Sarina Wiegman has said that England are desperate to win Sunday’s Euro 2022 final against Germany to “show, again, we are the best”.
The Lionesses manager said: “We don’t talk about the rivalry between England and Germany; we want to show badly how good we are and play our best game. There’s so much eagerness in this team to win. And so much resilience.
We want, we want so badly to show again, we are the best and to play our best game. That’s what we’ve been trying to do all the time. And then hopefully, that will bring us to win. That’s basically where we’re at. And then on top of that, we talk about players but not history – it is the here and now.”
Wiegman has settled rapidly since her arrival in England after taking the Netherlands to the Tokyo Olympics last summer. She has taken to drinking tea and eating fish and chips as a part of her assimilation of English culture.
She has perhaps made more changes to her diet than she did the team. “I knew of course that over the years England had been really good already,” she said of her arrival last September. “So, it’s not like I thought I’m going to come in and change everything, because things were really good already.
The team and women’s football in England is so big and it’s had such an incredible development, so I just wanted to figure out what could I, with the technical staff, add to this team to take the next step in the development.”
A key part of that development has been instilling a calmness into the fabric of the squad and the team. To maintain her own calm, she does yoga and meditates daily.
“I just make sure I do all those things and stay calm,” she says. “We are so well prepared, that gives me calmness too. I know we have done everything in our control. It might bring us a win or maybe not, but we know we have done everything within our control to do as well as possible and that’s OK.”
The key to her calmness has been built through understanding who she is as a person. “Over the years I’ve learned – and I think this is the main thing – about myself as much as possible.
That takes time. You need confidence to make choices. I was a teacher when I was in my first job as a coach with ADO Den Haag. When I started there were so many things on the path in front of me and I had to learn more about myself.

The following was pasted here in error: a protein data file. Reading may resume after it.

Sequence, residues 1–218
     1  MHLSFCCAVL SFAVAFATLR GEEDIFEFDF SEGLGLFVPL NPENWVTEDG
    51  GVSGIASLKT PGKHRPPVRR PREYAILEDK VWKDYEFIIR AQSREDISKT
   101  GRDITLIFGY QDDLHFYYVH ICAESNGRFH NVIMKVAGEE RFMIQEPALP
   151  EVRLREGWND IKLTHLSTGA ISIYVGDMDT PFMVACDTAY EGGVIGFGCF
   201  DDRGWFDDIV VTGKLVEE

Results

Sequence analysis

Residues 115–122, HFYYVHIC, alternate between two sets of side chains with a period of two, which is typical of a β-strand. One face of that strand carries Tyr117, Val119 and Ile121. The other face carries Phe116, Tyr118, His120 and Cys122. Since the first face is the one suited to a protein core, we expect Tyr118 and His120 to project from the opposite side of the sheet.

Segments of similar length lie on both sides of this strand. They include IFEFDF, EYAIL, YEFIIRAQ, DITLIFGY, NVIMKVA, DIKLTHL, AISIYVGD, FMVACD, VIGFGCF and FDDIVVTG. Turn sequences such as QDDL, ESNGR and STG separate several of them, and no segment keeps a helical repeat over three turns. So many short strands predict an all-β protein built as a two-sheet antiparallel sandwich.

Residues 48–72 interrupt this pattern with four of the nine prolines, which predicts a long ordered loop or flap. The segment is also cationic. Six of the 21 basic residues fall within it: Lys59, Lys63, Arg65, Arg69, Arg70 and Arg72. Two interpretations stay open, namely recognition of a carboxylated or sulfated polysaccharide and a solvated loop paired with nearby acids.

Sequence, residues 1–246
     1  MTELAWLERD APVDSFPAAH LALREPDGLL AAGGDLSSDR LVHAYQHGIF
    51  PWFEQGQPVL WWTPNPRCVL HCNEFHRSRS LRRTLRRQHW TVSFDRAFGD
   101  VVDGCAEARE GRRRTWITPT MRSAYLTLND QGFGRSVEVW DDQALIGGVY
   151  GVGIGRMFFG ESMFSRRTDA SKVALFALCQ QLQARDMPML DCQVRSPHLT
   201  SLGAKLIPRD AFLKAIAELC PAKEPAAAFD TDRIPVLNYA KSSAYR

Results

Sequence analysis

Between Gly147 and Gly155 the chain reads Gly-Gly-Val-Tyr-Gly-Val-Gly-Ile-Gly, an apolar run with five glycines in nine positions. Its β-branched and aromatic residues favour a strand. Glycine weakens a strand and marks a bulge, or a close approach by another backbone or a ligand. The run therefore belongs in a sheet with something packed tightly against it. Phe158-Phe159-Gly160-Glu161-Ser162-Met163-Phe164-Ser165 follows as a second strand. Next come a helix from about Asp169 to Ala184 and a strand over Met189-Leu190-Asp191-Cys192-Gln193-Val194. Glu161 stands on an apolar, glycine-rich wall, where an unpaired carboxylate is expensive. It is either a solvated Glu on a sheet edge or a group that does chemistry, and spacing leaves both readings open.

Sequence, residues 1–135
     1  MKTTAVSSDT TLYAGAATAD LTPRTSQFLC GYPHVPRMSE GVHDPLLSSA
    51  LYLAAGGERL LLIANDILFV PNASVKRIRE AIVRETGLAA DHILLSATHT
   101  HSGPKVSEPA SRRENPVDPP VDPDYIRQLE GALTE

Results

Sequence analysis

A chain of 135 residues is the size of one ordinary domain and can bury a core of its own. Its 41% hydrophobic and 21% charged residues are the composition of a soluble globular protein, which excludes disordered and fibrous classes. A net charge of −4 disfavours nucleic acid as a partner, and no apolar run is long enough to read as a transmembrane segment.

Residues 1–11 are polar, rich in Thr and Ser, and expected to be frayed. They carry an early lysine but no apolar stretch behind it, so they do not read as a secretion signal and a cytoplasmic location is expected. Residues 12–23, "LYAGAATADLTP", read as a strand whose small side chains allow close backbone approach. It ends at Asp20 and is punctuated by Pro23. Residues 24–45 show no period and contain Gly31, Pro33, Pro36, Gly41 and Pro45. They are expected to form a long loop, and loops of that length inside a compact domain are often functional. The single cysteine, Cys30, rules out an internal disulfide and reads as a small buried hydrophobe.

You learn your strengths and weaknesses. Over time you get so much experience that you trust yourself and get confidence. You know you did the right thing, no matter what the response of the person in front of you is.”
In the Netherlands there is no resentment of Wiegman for having left the national team for England. Instead there is immense pride as her side go into the game against the record eight-times European champions.
There is a feeling that she more than did her time with the Netherlands, exceeding expectations by lifting a home Euros in 2017, and many are excited to see what she does with the resources of a country that is a few steps ahead in its development of women’s football.
“That’s really nice,” she says in response to being told what journalists are saying in her home country. “When I started my coaching, I didn’t even know it was possible to be a full-time coach. So now it’s just really nice. I am very aware of where we’ve come from with the women’s game and where we are now and I’m just really enjoying it. I feel very privileged today to be part of this whole journey from little kids.”
Wiegman refers the players to the memory of playing as a child and says they should play for the little girls who want to be there, said the midfielder Georgia Stanway, who has shone at the Euros.
“The biggest thing that Sarina has said was at the start: ‘Play for the little girl that wanted to be in our shoes.’ So, I’ll play for the little girl who wanted to play at the start, went to training, loved it, dreamed to be in our position.”
Stanway has been another highlight of England’s tournament, but that was not predictable. In fact, she had been told she was on the edge of plans.
“When Sarina first came into the job I don’t think I was in favour. I was still playing full-back at the time at Manchester City and I was trying to fight for a spot in England at centre mid and I was finding that balance really hard. It was probably only when I got to the Arnold Clark Cup that I could put my foot down a little bit more and say: ‘I’m here, this is what I can do’ and bring that aggression and physicality back into my game, and obviously the confidence as well.
“It wasn’t until maybe the first game at the Euros that I realised that maybe I am in favour and it was maybe my spot to lose.”